All 1 Lord Gordon of Strathblane contributions to the Data Protection Act 2018

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Wed 22nd Nov 2017
Data Protection Bill [HL]
Lords Chamber

Committee: 6th sitting (Hansard): House of Lords

Data Protection Bill [HL]

Lord Gordon of Strathblane Excerpts
Committee: 6th sitting (Hansard): House of Lords
Wednesday 22nd November 2017

(6 years, 4 months ago)

Lords Chamber
Read Full debate Data Protection Act 2018 Read Hansard Text Read Debate Ministerial Extracts Amendment Paper: HL Bill 66-VI Sixth marshalled list for Committee (PDF, 286KB) - (20 Nov 2017)
The noble Viscount, Lord Colville of Culross, also referred to the potential chilling effect of this clause. In doing so, he referred to certain legal advice he had received on a particular matter touching on these provisions. I cannot comment on the quality of the legal advice that the noble Viscount receives, but in the event that he receives the same advice in the same circumstances in future, I politely suggest that he seek a second opinion.
Lord Gordon of Strathblane Portrait Lord Gordon of Strathblane (Lab)
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Taking up the point made by the noble Baroness, Lady Stowell, does the Minister agree that we are introducing, for the first time, vetting of material before it is broadcast, a power that even Ofcom, the regulator set up by government for broadcasting, does not have? Ofcom regulates only after the event. Surely this is a dramatic new intervention.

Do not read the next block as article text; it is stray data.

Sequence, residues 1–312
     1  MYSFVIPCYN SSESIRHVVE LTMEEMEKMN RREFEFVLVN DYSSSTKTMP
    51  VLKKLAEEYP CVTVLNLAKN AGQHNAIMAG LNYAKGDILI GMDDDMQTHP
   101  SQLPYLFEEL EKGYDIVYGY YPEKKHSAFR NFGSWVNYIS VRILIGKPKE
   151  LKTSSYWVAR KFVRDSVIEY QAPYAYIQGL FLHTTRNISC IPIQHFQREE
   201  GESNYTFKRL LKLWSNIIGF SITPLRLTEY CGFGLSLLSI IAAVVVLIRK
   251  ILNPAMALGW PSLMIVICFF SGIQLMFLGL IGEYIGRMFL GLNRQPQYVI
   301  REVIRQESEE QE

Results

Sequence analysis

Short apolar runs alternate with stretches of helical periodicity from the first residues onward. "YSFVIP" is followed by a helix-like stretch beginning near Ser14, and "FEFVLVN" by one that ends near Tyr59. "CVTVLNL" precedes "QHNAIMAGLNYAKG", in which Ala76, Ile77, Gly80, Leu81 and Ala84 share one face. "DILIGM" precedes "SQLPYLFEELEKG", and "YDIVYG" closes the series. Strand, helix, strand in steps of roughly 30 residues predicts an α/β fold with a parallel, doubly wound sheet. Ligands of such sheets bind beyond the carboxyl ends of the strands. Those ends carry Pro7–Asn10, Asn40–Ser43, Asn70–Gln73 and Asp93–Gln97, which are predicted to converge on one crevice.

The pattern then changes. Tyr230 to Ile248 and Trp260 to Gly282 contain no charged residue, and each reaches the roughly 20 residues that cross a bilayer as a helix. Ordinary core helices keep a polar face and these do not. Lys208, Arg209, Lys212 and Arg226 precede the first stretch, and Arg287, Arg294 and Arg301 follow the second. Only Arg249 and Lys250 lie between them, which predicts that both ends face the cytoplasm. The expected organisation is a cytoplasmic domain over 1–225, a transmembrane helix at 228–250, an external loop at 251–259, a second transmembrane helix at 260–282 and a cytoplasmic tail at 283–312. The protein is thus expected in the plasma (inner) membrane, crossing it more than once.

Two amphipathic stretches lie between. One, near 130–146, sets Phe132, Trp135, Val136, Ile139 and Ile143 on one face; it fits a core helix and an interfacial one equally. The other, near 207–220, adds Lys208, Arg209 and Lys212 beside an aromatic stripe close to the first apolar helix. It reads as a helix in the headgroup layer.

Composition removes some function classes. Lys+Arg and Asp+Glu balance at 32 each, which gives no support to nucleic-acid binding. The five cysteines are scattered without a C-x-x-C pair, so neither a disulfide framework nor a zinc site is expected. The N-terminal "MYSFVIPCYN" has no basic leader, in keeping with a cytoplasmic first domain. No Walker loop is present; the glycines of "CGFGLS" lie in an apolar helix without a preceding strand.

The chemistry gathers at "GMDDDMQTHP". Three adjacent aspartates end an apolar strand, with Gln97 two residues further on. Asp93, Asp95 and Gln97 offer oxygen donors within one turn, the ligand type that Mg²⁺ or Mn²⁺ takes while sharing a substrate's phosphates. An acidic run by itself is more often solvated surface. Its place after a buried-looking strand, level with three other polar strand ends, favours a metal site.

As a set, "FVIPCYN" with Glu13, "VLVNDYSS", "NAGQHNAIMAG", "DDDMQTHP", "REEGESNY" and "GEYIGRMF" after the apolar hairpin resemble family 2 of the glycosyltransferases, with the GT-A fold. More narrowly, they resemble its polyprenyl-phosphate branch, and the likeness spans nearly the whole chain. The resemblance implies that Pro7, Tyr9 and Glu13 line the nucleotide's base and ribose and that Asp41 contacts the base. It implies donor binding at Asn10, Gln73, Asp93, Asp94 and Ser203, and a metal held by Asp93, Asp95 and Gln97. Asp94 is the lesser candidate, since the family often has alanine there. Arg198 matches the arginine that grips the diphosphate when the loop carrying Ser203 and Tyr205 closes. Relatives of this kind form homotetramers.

Lord Keen of Elie Portrait Lord Keen of Elie
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The noble Lord makes a perfectly good observation about this provision. It brings me to one of the questions posed independently and neutrally by the noble Lord, Lord Stevenson, on whether the provisions of the Bill as drafted simply implement the provisions of the 1998 Act or extend its provisions. The answer is that they do not change the regime found in the 1998 Act except in respect of Clause 164(3)(c). I acknowledge the significance of that provision and I am happy to look again at that issue in light of the expressions of concern I have heard from around the Committee about it.

Some noble Lords also questioned the need for the provision of assistance in special purposes proceedings. Under Clause 165, individuals who are a party, or a prospective party, to special purposes proceedings may apply to the commissioner for assistance in those proceedings. For the application to be accepted, the commissioner must be convinced that the matter is of substantial public importance. There is, as I have implied, an equivalent provision in the 1998 Act. I understand that it has only ever been used once. In my respectful submission, that in itself indicates the effectiveness of the provision. It is not necessary because people know it is there and can be relied on, but only if that very high test of substantial public importance is met. Therefore, we consider it appropriate to retain this as a safeguard for data subjects. It is, I respectfully suggest, an important contributor to maintaining the balance between privacy and freedom of expression that has to underlie all these provisions.

Amendment 179A, spoken to by the noble Baroness, Lady Hollins, would require the Government to establish an inquiry with terms of reference similar to those contained in part 2 of the Leveson inquiry, but in relation to data protection only. As I have mentioned, a consultation was launched to look at Section 40 of the Crime and Courts Act 2013, which also asked whether proceeding with part 2 of the inquiry was still appropriate, proportionate and in the public interest. As I stated previously, it is the Government’s intention to publish a response to that consultation by Christmas; therefore, we do not believe that this amendment is appropriate, given the decisions that are currently being taken on that matter.